Creeped out and compelled by the roving eye of the Dungeness lighthouse throwing a restless, milky beam into the fogged desert vista at four am. The most expansive and luminous star-scape we've ever seen. Galaxies within galaxies. No artificial light here, lighthouse eye aside. Just the lap of the tide, the stars, and the creak of shingle underfoot. We're at the end of the world, and our two hired minibuses just got tailed into the site by a police van. Is there a third vehicle? Yes, and it's not an ice cream van. Nope, we're not gonna touch your lovely nuclear power station, officer. Nope, there are no known activists in our ranks, officer. (Approximately ten of our nineteen present pilgrims are known activists). Nothing to see here. Move along and may your path be a peaceful one. Am I a student? How very dare you. I'm much worse - I'm an Arts-Council-funded composer, dontcha know. Yeah, I'm THAT wanker. That and three other conflicting stories from those engaged by the gun-toting ACAB droids. Ultimately, the unifying detail in all four opposing defences seems to be 'Brighton' which is apparently sufficient for them to let us go about our 'business', dutifully filed under 'harmless sun-worshippers'.
But what is our business? Our business is the fifth edition of a public sound art ritual called Platform On The Ocean, the premise of which I conceived in April 2014. It's essentially a set of minimal instructions:
Musicians gather en masse with acoustic instruments to perform a single, shimmering major chord in a resonant public space over an extended duration. Non-musicians and passing footfall are actively encouraged to participate.
We've played at an underpass opening onto Brighton seafront, beneath a huge viaduct as cars doppler-honked at rush hour, under the pier on the solstice, and in procession as part of Europe's first TransPride march. Dungehenge, as one of our number coined it, is the fifth, and as we've been scaling the white notes from a launchpad of C at our first edition, our agreed major chord was that of G. Departing in two booked minibuses – Priscilla and Leloo Dallas Minibus – from a car park just beyond Concorde 2 on Brighton seafront, with one driver barely in recovery from a night of violent gastric ejections in London, our mystery machine pilots tore down the ever-narrowing fogged-up lanes of rural Sussex attempting to navigate in increasingly trying conditions both exterior to and within the buses. As the hedonism mounted, and Boredoms thrashed at the tinny bus speakers, states and dimensions had already begun to shift. Earlier, chatting with friends it had dawned on me, in full-frontal objective hard-fact epiphany exactly how absurd this whole endeavour was:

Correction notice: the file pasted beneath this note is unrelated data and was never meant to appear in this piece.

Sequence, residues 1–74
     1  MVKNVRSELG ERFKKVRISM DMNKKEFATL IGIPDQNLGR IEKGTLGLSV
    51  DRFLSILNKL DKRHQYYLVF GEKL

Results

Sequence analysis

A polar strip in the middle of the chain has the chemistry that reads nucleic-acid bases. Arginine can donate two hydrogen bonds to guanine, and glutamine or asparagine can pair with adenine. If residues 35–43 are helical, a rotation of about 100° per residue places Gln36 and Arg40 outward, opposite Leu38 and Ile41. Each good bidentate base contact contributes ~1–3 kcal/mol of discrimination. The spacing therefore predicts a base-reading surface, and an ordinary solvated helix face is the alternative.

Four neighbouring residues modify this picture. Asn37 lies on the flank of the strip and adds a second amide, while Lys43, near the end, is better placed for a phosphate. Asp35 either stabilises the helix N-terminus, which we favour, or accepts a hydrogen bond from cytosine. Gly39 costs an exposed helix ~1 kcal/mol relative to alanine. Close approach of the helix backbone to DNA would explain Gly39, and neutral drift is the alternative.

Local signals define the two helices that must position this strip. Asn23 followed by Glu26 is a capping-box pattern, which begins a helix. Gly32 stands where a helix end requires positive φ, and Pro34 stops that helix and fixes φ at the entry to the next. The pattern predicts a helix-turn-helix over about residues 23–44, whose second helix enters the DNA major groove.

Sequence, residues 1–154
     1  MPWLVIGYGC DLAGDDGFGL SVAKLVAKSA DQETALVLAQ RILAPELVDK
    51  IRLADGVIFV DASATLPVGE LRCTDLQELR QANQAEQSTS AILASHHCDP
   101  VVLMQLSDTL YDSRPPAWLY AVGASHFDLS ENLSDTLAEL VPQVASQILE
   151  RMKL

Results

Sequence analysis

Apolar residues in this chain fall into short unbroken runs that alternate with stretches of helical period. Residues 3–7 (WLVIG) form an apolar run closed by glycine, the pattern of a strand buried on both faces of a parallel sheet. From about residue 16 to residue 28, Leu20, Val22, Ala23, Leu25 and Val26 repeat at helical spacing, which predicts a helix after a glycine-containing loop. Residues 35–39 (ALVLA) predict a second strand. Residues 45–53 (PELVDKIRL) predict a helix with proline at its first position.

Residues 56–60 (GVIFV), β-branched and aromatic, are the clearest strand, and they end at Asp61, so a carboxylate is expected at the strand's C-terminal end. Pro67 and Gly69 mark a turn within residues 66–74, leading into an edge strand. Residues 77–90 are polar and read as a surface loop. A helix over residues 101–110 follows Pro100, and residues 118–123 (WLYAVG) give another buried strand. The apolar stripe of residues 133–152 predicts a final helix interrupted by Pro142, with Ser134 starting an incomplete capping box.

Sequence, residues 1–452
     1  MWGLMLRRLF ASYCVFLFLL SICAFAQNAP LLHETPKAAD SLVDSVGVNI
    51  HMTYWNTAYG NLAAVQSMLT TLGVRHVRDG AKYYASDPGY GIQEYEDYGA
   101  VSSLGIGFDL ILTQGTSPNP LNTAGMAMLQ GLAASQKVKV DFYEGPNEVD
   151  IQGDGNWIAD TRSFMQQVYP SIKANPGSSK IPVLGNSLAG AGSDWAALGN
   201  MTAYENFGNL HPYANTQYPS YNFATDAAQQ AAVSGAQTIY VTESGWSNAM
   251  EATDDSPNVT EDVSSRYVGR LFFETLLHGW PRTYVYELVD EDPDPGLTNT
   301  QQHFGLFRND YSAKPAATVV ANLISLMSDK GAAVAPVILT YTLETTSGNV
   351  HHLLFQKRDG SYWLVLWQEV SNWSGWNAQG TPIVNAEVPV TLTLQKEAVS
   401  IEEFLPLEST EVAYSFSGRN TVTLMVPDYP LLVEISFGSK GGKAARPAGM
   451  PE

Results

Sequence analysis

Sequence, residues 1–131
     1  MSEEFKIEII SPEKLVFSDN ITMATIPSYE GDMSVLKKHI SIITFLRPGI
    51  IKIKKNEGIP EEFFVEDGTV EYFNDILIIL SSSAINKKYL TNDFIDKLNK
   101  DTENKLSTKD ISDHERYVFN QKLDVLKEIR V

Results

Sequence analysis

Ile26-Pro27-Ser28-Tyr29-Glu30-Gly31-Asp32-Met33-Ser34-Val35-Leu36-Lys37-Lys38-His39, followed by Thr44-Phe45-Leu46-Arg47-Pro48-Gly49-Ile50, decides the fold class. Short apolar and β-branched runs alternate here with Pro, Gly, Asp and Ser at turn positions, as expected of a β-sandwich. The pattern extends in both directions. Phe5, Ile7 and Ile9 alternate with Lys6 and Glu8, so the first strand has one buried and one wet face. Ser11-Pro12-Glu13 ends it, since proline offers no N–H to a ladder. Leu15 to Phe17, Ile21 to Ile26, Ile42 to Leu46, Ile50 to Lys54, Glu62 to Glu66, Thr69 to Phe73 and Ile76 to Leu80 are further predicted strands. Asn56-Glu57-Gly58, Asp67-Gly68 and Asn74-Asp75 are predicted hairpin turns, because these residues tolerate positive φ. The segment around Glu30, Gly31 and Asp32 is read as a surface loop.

Ok, so let's fill two buses with lunatics, hedonists and magi, take them on an all-nighter to a desert, in September, and have them drone on one chord, at five in the morning, to no audience.
Sounds perfect to me, no?
We pulled into a petrol station to revivify Priscilla – long-stopped serving. Three am? Slackers. Ah well, houmous and flatbread buffet on the unleaded pump instead? Sorted. Then suddenly we're in wyrd, rural Kent, and it's all gone a bit Lost Highway. All we can see are our headlights, and even these beams are getting dispersed and ghouled-up by the thick, descending fog. And so many of our pilgrims haven't seen this place in daylight yet. It's a beautifully desolate, sparely-populated area of England. Wind-farms, sheep (in whose fecal gems would be at present flourishing crops of mushrooms), boarded-up shacks, uninviting pubs, mesmeric sunsets and looming, brutalist power stations.
After dispensing with the armed officers, and promising we'd bed down in the buses until the first shreds of dawn licked the sky, we promptly bundled up – it's a desert, remember? - shaman-terrorist monks in procession to the beach, the roving eye of the lighthouse eager and restless. Star-gazing; galaxies within galaxies within galaxies; stars of every hue. Us Brighton-dwellers scarcely get to see stars so comprehensively painted across the sky.